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If you received a federal tax refund this year, you are among the nearly 8 in 10 U.S. tax filers who received one. So, what’s the best way to spend it? On car repairs or a much-needed vacation? As a deposit in your savings account or as an extra student loan or credit card payment?
The answer depends entirely on you, of course. However, we would like to suggest one smart way to use some or all of your tax refund (for the record, in recent years, the average tax refund has been $2,800): Buy a dental insurance plan.
It may not seem like the most exciting way to use your refund, but it could help you save money on dental care this year.
On average, the annual dental expense for Americans younger than age 65 is $683—this includes children. For adults 65 and older, the average annual dental expense is $833. For preventive care alone, Americans paid an average of $370 out of pocket for two exams and cleanings and a full set of X-rays in 2011.
In comparison, the average (i.e., dental insurance premium) cost for individual and family dental insurance plans through healthedeals.com is around $30 per month, which is about $360 per year. It has been about seven years since the National Association of Dental Plans collected national data for estimated average monthly and annual dental premiums—the 2009 data shows that individual and family dental insurance premiums ranging from $4 to $15 and $20 to $35, an annual average of $48 to $180 for individuals and $240 to $420 for families.
Obamacare may not require you to have dental coverage, but dental coverage can help your oral health as well as your household’s bottom line.
In addition to potential savings on dental visits, dental insurance can make you more likely to visit the dentist in the first place. Studies show that Americans are more likely to seek dental services when they have dental benefits.
If you have healthy teeth and gums, preventive dental exams and cleanings can help you keep them that way., And, maintaining good oral health could mean you spend less on dental services such as fillings and root canals. Because dental benefits are largely related to preventive care, many dental plans cover two annual exams and cleanings at or near 100 percent—some even cover a set of X-rays and pediatric sealants at or near 100 percent as well.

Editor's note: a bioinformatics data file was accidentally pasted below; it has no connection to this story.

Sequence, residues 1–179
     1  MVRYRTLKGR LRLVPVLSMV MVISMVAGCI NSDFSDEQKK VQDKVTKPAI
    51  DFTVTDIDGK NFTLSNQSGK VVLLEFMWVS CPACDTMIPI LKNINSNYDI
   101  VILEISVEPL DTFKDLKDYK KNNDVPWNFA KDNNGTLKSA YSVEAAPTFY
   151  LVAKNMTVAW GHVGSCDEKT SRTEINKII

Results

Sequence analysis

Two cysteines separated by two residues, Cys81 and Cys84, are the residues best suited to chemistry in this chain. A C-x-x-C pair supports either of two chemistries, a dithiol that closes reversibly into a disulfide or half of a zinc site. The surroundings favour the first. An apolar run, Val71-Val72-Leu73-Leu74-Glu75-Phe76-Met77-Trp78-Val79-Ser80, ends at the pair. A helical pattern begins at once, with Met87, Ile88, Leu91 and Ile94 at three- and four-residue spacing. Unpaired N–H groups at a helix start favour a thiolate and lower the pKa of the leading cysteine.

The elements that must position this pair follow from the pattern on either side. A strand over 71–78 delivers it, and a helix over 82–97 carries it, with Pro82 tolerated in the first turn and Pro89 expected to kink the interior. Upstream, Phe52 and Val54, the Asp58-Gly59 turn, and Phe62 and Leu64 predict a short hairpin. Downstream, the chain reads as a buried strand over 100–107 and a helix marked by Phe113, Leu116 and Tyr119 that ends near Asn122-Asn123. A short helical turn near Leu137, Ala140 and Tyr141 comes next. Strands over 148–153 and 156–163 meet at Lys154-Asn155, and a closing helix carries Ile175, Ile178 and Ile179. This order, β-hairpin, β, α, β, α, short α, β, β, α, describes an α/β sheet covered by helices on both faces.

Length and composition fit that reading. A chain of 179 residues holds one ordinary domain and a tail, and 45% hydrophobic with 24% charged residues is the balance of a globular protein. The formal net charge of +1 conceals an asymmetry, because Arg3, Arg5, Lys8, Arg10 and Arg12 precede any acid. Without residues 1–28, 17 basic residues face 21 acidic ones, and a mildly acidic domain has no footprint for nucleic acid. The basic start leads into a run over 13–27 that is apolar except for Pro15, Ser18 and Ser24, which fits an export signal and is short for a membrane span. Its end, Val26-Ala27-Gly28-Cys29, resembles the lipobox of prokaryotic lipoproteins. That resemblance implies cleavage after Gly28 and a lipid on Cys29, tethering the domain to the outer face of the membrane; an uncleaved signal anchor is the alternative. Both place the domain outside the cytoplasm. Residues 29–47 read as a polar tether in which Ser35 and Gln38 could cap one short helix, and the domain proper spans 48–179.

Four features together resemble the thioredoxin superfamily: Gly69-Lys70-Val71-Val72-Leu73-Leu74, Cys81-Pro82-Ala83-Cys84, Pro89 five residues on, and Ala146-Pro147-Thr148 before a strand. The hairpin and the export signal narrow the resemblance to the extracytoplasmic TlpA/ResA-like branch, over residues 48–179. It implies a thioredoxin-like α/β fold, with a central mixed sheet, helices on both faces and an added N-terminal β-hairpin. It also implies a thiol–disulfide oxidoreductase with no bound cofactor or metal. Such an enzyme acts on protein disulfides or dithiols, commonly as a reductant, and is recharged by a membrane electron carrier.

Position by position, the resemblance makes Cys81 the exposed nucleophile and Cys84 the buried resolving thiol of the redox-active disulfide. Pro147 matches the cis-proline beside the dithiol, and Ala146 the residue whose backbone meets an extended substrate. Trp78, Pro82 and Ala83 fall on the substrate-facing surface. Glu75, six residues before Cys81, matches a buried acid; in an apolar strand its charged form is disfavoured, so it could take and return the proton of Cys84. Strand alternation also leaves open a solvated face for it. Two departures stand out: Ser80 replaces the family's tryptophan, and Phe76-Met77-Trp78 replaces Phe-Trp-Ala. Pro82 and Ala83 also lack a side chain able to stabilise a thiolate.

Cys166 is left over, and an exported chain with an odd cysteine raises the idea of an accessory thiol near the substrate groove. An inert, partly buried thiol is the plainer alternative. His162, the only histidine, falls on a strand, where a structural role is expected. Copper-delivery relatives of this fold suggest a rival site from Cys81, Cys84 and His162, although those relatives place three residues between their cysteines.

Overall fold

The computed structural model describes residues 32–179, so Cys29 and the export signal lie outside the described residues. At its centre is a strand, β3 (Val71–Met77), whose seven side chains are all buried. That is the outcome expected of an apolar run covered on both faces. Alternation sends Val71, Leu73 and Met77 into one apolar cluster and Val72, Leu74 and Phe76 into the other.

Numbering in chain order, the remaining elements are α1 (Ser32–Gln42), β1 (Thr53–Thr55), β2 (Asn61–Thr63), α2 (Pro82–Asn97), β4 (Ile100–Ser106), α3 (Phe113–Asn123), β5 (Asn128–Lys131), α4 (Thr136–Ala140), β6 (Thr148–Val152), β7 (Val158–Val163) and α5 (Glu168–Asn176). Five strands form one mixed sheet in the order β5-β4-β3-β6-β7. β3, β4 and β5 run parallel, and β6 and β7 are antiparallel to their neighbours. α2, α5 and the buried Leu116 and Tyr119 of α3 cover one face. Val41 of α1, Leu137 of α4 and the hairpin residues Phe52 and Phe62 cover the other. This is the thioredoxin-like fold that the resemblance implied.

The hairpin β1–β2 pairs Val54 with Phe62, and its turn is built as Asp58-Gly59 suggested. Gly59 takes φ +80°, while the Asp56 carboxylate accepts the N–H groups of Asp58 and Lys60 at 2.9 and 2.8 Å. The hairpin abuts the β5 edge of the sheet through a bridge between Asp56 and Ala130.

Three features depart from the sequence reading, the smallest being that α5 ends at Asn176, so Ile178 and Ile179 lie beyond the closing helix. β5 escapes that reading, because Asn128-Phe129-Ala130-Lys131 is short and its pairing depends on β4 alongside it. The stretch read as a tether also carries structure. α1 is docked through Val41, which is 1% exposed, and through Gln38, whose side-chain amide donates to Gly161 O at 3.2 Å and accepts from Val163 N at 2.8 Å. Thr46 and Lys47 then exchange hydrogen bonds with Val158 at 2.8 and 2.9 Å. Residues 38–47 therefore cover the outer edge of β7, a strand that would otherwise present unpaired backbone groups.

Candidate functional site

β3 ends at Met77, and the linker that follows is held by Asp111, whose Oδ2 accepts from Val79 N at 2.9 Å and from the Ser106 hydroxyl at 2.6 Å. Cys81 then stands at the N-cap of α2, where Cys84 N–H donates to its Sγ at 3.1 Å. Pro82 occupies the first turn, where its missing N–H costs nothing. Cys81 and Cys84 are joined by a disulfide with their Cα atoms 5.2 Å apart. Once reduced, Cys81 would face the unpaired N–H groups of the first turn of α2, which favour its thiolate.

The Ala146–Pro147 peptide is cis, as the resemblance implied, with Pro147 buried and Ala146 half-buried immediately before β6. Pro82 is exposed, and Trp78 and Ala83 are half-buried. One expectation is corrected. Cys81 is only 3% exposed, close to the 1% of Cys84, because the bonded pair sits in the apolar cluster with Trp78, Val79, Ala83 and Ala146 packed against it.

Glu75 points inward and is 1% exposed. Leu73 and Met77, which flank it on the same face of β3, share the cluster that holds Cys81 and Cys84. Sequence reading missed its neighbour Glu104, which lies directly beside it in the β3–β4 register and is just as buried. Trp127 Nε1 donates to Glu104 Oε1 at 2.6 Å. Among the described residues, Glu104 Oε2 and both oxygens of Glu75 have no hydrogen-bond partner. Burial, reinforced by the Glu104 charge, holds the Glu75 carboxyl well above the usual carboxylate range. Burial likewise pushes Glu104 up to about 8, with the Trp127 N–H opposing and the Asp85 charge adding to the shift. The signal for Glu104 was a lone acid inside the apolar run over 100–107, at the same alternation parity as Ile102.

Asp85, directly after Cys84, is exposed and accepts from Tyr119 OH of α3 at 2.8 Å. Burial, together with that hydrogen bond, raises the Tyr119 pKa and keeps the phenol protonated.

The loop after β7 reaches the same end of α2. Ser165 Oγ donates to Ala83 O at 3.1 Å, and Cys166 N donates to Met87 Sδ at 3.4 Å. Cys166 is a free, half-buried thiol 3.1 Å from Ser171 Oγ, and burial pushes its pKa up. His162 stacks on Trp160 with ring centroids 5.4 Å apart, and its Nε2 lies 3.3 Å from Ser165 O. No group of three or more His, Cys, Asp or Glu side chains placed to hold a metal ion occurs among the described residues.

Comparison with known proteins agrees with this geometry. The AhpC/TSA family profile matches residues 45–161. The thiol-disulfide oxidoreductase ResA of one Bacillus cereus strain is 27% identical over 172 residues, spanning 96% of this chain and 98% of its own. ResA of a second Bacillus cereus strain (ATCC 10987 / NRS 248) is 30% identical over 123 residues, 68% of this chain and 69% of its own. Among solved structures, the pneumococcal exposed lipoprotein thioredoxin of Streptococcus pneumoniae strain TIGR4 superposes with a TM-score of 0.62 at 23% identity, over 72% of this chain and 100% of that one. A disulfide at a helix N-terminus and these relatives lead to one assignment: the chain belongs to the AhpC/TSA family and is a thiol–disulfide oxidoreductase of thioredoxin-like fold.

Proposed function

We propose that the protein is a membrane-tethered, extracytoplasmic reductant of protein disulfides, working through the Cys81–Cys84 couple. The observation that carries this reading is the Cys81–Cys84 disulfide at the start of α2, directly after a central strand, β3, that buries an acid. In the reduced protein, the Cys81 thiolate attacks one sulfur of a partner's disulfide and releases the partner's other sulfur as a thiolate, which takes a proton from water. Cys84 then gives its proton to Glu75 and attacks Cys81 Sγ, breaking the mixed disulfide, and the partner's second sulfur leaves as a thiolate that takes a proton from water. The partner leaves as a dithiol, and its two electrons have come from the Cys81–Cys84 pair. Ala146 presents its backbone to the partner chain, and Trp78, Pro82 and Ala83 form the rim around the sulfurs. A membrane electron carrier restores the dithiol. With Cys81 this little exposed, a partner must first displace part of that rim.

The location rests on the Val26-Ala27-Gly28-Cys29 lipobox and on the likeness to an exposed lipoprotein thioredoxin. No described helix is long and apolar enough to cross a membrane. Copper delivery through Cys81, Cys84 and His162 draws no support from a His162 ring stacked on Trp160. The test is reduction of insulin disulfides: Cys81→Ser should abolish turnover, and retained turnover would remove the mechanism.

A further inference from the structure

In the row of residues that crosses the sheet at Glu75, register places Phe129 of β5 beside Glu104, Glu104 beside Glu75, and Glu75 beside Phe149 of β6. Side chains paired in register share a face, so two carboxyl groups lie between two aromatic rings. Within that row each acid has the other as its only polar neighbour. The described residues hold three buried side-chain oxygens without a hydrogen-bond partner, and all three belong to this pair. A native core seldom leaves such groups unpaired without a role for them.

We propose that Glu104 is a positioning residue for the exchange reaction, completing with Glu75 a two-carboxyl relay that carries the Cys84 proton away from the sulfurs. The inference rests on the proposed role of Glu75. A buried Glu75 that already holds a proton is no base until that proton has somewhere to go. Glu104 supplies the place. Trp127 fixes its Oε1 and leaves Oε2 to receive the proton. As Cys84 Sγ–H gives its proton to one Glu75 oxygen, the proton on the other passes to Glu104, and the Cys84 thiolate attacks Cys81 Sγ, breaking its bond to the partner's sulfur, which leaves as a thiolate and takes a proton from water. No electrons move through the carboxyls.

Dental plans vary, but generally include several options to meet your budgetary and oral care needs. In addition to plan premiums, copay and coinsurance amounts, preventive care benefits, networks, and waiting periods, look for plans that have additional discounts for services you may use (e.g., vision care and orthodontia).
Call the number at the top of your screen to speak with a certified advisor who can answer your questions and help you select a dental plan.
 Sahadi, Jeanne. “Nearly 8 Out of 10 U.S. Taxpayers Get Refunds.” CNN Money. Jan. 15, 2015. http://money.cnn.com/2015/01/13/pf/taxes/taxpayer-refunds/
 Agency for Healthcare Research and Quality. Dental Services-Mean and Median Expenses per Person with Expense and Distribution of Expenses by Source of Payment: United States, 2013. Medical Expenditure Panel Survey Household Component Data. Generated interactively. Accessed on April 14, 2016.
 American Dental Association. “2011 Survey of Dental Fees.” December 2011. http://www.ada.org/~/media/ADA/Science%20and%20Research/HPI/Files/11_sdf.ashx
 Numbers based on IHC Specialty Benefits dental insurance plan data for all plans.
 National Association of Dental Plans. “What Do Dental Benefits Cost on a Group Basis or If I Buy Them Directly as an Individual.” http://www.nadp.org/Dental_Benefits_Basics/Dental_BB_7.aspx
 Bloom, Barbara, et al. “Dental Insurance for Persons Under Age 65 Years with Private Health Insurance: United States, 2008.” NCHS Data Brief. No. 40. June 2010. http://www.cdc.gov/nchs/data/databriefs/db40.pdf
 American Dental Association. “Gum Disease.” http://www.mouthhealthy.org/en/az-topics/g/gum-disease